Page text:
Articles Tagged with Illinois Gun Laws

matt-popovich-60437-copy-300x162A man was charged with attempted murder after a shootout in South Shore on the night of the Chicago mayoral election. 38-year-old Flamingo Jones was charged with attempted first-degree murder of a police officer. As stated by Cook County prosecutors, on February 26th at 7:30 p.m., police in plain clothes sitting in an unmarked cruiser were investigating an individual wanted on an arrest warrant. During the investigation, they saw Jones on the 7400 block of South Bennett Avenue.

Jones fled on foot after seeing the officers, who were wearing ballistic vests and badges that identified them as police. The officers gave chase, with one of them catching up to Jones. The officer saw Jones holding a firearm and ordered Jones to drop the weapon. Jones continued to run, jumping over a fence with the gun in hand.

According to Assistant State’s Attorney Jamie Santini, the officer feared for his life and discharged his weapon but did not strike Jones. As he emerged from an alley, Jones aimed his weapon toward the officer, at which point the officer fired at Jones again. Jones fell to the ground and shot at the officer. He then fired at uniformed police as they arrived on the scene. The uniformed officers returned fire, shooting Jones in the feet.

david-von-diemar-745969-unsplash-copy-200x300Any case involving the use of a deadly weapon like a knife, shotgun, or other firearm is taken quite seriously in Chicago. In 2016, there were over 1,400 deaths in Illinois that were the result of firearms. The use of a deadly weapon during the commission of a crime inevitably increases the severity of the sentence given to the accused. This will include criminal acts of domestic violence, assault, rape, and sexual assault.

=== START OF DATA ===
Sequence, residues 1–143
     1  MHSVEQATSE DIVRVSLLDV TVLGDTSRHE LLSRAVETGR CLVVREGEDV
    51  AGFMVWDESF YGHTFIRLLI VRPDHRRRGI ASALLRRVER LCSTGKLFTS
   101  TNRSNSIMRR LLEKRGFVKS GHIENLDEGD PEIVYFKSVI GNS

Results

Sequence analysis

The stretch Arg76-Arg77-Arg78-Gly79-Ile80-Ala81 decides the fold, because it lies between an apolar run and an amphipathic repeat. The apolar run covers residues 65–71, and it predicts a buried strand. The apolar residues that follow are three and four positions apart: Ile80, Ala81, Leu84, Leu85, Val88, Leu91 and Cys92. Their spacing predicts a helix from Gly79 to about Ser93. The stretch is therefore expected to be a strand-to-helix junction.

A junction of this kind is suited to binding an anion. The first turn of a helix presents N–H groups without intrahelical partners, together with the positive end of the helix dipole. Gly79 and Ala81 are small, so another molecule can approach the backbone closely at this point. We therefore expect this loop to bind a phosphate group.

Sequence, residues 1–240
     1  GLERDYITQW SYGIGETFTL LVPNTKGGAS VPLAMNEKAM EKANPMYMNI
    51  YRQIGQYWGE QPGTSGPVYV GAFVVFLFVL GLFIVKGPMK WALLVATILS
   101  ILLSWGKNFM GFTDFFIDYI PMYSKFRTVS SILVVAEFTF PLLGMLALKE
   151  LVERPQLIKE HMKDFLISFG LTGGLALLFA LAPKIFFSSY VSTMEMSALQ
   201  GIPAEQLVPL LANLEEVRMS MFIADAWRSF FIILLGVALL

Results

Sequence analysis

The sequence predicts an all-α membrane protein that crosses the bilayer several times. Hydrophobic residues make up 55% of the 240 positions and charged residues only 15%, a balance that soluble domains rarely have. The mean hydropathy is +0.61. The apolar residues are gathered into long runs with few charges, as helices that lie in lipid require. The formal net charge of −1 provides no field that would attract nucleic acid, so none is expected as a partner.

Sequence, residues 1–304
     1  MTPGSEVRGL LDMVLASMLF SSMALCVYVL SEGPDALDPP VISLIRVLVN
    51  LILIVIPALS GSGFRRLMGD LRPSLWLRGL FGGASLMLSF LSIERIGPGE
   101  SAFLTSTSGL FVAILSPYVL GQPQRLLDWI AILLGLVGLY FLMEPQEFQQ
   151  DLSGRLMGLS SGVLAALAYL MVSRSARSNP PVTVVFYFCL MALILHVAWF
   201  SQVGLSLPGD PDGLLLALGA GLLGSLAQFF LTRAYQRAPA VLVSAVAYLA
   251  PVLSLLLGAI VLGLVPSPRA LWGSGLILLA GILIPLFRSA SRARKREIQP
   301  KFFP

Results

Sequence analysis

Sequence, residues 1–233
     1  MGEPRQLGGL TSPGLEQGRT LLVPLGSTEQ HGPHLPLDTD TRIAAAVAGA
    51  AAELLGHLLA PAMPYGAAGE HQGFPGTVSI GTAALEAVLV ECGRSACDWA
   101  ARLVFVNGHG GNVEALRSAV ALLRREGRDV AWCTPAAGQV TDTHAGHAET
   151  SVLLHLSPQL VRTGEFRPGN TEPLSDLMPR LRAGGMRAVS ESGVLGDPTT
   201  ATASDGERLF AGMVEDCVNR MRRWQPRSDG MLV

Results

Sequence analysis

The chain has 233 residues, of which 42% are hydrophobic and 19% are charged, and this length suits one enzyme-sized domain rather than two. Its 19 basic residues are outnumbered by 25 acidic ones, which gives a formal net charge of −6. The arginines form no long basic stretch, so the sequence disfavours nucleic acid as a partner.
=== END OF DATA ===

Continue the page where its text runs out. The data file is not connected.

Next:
A criminal defense attorney in Chicago can discuss the laws that relate to weapons charges and provide counsel about the ideal strategy for your defense.

New Gun Laws in Illinois

A Chicago man was charged with aggravated battery with a firearm, reckless discharge of a firearm and vehicular invasion following a shooting at a Cook County Preserve soccer field on Labor Day that injured one other man. The alleged shooter then tried to flee the scene by stealing a vehicle.

Chicago Defense to AggraOLYMPUS DIGITAL CAMERAvated Discharge of a Firearm

A person commits the Illinois crime of aggravated discharge of a firearm if he “discharges a firearm in the direction of another person.” In this case, we would first challenge the validity of the defendant’s identification as the shooter, looking first at whether gunpowder residue was found on the defendant’s hands or clothes, or whether his fingerprints were found on the weapon.

We would also challenge any eyewitness descriptions of the shooter. There were approximately 2,000 people present at the soccer game, given the chaos that ensued after the shots were fired, eyewitnesses would have difficulty accurately describing the shooter, let alone determining who fired the weapon. Another important point concerns whether the eyewitness descriptions of the shooter match the defendant. If the witness descriptions do not match, it would indicate a different person was responsible for the gun’s discharge.